Although generativity is used as a central cultural construct within life course theory to illustrate how older persons create interpersonal ties, it is also tied to key concepts in social exchange theory since generative acts can provide a way for achieving more equity in intergenerational power relationships. Without opportunities for older adults to invest themselves in younger generations, they may no longer feel needed within their family or community. In this article, we discuss the relationship of generativity and dementia through the generative activities of older persons with cognitive decline. Field notes from 8 months of research in a dementia-care setting as well as interviews with 20 residents were thematically analyzed to identify: (a) generative acts among people with dementia; (b) residents' expressions regarding giving to others; and (c) barriers to generativity. Examining generativity among people with dementia requires that one considers the subjective experience of the condition and understands that many social behaviors remain intact irrespective of any quantified cognitive loss (captured here through the use of case examples).
 
Article
Background: Successful implementation is a vital precondition for investigating the outcome of care innovation. This study concerned the evaluation of the implementation of integrated emotion-oriented care (IEOC) in psychogeriatric nursing home wards. The main question was whether the trained caregivers actually applied the knowledge and techniques of IEOC during their daily work. Methods: The study was conducted within the framework of a randomized clinical trial into the effectiveness of IEOC in 16 wards. Preceding the experimental period, staff from 16 wards were educated and trained to work with a standardized care plan, resulting in a similar level of quality of care at the start of the trial. On the experimental wards IEOC was then implemented by training on the job in addition to training courses for personnel. To examine the implementation effectiveness, a self-report questionnaire, 'Emotion-oriented Skills in the Interaction with Elderly People with Dementia', was administered at baseline and after 7 months to a sample of caregivers from the experimental and the control wards. In addition, participant observation was conducted on four experimental and four control wards, and time spent by care personnel on different type of care tasks was registered. Results: The implementation of IEOC resulted in increased emotion-oriented skills and more knowledge of the residents among the caregivers. Providing IEOC was not more time consuming for the caregivers than providing usual care. Conclusion: This study shows that the implementation of IEOC was effective. It is recommended that in intervention studies the correct application of a new intervention or care approach is examined before jumping to conclusions about the effectiveness of the intervention or care approach itself.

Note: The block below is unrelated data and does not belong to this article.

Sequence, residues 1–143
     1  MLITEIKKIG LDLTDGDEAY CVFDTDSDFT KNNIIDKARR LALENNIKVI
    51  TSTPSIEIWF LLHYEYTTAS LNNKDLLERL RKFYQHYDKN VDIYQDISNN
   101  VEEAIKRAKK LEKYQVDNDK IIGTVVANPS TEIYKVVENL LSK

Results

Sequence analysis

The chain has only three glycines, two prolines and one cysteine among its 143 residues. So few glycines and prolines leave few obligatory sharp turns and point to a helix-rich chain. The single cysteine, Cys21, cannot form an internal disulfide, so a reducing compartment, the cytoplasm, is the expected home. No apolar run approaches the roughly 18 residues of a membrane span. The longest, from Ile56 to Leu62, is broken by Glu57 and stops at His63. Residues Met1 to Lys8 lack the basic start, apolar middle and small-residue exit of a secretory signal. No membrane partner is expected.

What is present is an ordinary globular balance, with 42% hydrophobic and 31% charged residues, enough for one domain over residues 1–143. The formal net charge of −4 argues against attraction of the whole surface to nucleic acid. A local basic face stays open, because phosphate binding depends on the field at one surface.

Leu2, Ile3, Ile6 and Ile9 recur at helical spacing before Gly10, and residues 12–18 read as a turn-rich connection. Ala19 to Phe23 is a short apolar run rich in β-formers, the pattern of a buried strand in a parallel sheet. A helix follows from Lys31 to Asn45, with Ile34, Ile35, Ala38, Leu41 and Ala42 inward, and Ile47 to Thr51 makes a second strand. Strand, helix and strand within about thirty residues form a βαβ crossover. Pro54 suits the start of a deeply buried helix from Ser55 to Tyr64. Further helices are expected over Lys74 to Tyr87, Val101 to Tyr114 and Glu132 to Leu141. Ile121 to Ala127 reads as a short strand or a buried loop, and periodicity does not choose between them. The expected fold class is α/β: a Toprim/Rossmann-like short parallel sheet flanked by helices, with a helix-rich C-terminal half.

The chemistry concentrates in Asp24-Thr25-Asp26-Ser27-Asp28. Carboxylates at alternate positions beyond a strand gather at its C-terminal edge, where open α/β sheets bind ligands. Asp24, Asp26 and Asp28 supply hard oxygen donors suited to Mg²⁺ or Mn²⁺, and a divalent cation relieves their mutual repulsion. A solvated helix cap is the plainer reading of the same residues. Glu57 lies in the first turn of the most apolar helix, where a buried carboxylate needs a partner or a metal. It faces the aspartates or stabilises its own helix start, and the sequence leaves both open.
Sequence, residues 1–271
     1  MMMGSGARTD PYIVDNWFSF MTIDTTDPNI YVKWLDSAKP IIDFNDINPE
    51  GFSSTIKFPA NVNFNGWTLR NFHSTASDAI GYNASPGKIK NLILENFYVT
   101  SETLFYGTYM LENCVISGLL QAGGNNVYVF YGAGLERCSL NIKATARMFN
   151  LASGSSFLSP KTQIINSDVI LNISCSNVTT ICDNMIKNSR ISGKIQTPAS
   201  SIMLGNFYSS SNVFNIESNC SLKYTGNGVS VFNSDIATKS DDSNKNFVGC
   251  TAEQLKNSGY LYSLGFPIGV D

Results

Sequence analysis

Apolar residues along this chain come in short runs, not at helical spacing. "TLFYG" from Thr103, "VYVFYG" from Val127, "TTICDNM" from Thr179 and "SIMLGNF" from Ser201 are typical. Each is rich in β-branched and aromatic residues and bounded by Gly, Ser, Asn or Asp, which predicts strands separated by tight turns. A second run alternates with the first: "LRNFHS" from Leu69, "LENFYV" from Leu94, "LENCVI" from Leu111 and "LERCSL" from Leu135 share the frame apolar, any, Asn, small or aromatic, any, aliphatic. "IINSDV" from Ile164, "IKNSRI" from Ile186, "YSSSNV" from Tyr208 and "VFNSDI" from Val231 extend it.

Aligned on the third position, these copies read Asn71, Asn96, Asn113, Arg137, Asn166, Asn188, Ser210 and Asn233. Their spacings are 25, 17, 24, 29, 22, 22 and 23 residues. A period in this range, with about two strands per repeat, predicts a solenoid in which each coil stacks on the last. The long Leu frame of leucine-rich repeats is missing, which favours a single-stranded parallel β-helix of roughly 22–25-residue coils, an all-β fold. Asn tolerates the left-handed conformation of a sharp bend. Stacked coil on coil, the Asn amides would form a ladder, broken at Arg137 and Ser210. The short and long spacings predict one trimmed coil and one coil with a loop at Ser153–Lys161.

Timetable. 
Work-based tasks/assignments completed as part of the Dementia Champions Programme. 
Reported confidence in ability to fulfil learning outcomes: mean, standard deviation, and range. 
Evaluation of Study Day sessions, number of participants who completed evaluations and mean rating. 
Article